Bacterial Contamination of Platelet Concentrates (Ongoing)

Posted On 2020-08-04 15:50:19



This series on “Bacterial Contamination of Platelet Concentrates” is edited by Dr. Sandra Ramirez-Arcos from Canadian Blood Services and University of Ottawa, Canada.

Sandra Ramirez-Arcos, BSc, MSc, PhD
Centre for Innovation, Canadian Blood Services, Ottawa, Ontario, Canada; Department of Biochemistry, Microbiology and Immunology, University of Ottawa, Ottawa, Ontario, Canada

Dr. Sandra Ramirez-Arcos trained as a microbiologist in her native Colombia and then conducted PhD studies in Biological Sciences in Spain. From 1998 to 2002, Dr. Ramirez did her post-doctoral training and worked as a research associate at the University of Ottawa. Since 2003, she has worked at Canadian Blood Services where she currently holds a position as a Senior Scientist. Dr. Ramirez is also an Adjunct Professor at the University of Ottawa.

Dr. Ramirez-Arcos has built a strong team with expertise on bloodborne bacteria. Her research projects are focused on understanding bacterial growth dynamics and biofilm formation during blood component storage. Her laboratory oversees the development, validation and implementation of protocols and processes aimed at enhancing blood component safety.

Series outline:

  1. Transfusion-associated bacterial infection: Safety risks and mitigation strategies
  2. FDA Guidance to Control for Bacterial Contamination in Platelets: Advantages and Limitations
  3. The Large Volume Delayed Sampling (LVDS) bacterial testing algorithm of Hema-Quebec: Pros and Cons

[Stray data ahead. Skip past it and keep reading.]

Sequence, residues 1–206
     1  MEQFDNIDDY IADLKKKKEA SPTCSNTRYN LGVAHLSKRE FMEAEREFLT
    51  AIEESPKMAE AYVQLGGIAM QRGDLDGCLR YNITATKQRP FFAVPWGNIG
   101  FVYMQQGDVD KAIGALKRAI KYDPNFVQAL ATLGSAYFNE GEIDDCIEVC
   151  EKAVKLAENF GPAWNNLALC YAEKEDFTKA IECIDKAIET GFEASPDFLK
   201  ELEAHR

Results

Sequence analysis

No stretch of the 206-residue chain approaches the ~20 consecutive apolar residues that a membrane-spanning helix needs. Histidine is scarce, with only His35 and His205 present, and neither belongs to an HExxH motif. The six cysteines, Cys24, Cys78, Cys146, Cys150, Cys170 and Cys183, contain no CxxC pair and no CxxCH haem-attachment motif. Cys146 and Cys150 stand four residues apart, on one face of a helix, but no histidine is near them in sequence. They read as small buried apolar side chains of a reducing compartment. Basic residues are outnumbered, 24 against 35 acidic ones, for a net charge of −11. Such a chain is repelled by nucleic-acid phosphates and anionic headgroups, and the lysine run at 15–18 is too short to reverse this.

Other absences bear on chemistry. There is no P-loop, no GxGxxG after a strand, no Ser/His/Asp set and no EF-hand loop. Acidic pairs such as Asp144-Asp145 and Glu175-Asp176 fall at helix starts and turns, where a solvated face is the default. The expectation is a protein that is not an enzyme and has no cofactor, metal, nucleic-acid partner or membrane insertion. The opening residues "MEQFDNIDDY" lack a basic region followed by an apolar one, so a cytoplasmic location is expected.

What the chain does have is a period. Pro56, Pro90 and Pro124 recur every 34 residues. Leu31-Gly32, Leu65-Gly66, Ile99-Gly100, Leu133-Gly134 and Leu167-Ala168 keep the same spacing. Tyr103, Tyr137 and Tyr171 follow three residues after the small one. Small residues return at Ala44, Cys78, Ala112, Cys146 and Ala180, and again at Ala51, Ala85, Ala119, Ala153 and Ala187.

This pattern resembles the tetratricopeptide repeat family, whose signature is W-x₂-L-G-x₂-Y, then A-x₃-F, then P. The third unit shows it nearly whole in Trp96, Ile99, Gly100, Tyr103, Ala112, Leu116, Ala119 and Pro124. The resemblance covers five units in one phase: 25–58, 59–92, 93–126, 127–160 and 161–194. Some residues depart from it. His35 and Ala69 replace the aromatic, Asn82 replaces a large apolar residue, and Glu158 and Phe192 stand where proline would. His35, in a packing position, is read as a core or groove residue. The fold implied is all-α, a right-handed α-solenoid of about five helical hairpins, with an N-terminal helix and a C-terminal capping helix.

4. BacT/ALERT systems for detection of bacterial contamination in platelet concentrates: Sensitivity and Specificity
  5. The PGD Verax Immunoassay for detection of bacterial contamination in platelet concentrates: Sensitivity and Specificity
  6. The Intercept system for bacterial inactivation in whole blood and blood components: Advantages and Limitations
  7. The Mirasol system for bacterial inactivation in whole blood and blood components: Advantages and Limitations
  8. The Theraflex system for bacterial inactivation in whole blood and blood components: Advantages and Limitations
  9. Septic transfusion reactions involving contaminated platelet concentrates: Residual risk despite intervention strategies
  10. Bacterial contamination of platelet concentrates in Latin America: Current status

Disclosure:
The series “Bacterial Contamination of Platelet Concentrates” was commissioned by the editorial office, Annals of Blood without any sponsorship or funding. Sandra Ramirez-Arcos is serving as the unpaid Guest Editor for the series.